Interesting blog post. It's something I encounter at work. The editors at my company used to use words like "wheelchair bound" or "mentally ill" before people with disabilities complained and now we make sure our legal products all refer o them as a person who uses a wheel chair and a person with a mental illness. Its too much of a label otherwise and its dehumanizing to call them anything else.
One reason many people that use wheelchairs don't like terms like "wheelchair-bound" or "confined to a wheelchair" is because, not only are they not truly bound to their chair, they don't feel confined or restricted by the chair. The chair allows them to go places and do things they would not otherwise be able to do. The chair is liberating for them, not confining.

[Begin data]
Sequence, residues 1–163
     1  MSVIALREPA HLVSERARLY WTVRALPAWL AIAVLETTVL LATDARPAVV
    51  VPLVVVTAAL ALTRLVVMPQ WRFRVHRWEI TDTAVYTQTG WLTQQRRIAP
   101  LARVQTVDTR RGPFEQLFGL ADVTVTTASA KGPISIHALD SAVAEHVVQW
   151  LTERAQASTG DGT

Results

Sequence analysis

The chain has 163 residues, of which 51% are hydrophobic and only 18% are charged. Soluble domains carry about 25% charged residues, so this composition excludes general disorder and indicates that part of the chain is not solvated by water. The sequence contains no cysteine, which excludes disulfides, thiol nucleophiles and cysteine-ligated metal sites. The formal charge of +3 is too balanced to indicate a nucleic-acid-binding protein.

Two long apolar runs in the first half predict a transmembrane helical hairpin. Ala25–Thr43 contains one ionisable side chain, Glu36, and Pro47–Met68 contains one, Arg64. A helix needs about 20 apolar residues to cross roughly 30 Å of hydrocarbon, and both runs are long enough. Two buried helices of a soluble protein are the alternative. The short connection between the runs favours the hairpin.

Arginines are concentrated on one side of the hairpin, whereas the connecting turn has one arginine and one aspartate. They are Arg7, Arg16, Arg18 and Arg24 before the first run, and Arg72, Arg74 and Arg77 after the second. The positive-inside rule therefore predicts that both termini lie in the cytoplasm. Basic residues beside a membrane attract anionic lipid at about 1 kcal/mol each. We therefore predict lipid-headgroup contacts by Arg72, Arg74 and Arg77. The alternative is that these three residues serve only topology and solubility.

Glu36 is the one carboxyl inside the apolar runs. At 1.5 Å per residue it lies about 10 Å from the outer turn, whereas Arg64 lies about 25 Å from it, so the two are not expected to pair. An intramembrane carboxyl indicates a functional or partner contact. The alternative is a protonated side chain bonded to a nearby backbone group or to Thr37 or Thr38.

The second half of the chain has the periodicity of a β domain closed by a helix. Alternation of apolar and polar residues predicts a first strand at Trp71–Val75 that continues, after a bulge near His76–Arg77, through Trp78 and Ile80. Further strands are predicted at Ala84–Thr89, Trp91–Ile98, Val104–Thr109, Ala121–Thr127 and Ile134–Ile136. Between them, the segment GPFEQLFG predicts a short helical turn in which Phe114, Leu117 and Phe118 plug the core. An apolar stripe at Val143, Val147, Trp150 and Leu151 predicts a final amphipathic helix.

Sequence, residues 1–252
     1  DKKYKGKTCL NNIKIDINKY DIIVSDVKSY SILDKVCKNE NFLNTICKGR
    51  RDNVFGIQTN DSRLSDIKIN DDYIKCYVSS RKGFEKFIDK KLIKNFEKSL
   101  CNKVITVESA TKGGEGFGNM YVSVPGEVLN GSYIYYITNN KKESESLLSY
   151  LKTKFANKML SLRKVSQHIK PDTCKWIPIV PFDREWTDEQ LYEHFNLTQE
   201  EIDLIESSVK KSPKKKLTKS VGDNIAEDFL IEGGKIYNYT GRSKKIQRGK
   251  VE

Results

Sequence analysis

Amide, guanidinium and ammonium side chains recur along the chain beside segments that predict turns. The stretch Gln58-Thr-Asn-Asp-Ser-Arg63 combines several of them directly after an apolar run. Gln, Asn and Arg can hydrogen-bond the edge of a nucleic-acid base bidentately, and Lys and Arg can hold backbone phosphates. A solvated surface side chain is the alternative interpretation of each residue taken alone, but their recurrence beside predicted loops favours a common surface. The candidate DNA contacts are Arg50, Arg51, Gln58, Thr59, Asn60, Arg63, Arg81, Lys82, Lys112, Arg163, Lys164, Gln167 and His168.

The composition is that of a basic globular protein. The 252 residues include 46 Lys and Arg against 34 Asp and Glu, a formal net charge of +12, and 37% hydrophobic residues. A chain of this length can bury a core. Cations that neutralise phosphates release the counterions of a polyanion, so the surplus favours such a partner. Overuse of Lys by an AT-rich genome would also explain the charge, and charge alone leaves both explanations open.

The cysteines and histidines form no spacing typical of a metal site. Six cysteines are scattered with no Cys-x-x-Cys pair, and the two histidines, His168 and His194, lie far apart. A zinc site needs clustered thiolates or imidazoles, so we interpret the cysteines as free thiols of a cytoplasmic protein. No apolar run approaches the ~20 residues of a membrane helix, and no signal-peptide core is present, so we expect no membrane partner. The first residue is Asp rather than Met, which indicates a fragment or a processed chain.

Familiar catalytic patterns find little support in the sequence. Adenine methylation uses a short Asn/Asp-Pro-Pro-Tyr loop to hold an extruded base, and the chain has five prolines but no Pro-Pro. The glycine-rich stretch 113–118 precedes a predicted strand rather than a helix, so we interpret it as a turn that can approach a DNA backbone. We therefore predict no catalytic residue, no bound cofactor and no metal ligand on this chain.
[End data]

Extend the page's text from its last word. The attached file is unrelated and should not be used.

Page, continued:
I mean I wear glasses but am I bound to them? No. And I've been diagnosed with depression so I guess I'm a person with a mental illness but I don't consider myself mentally ill. There's a huge difference.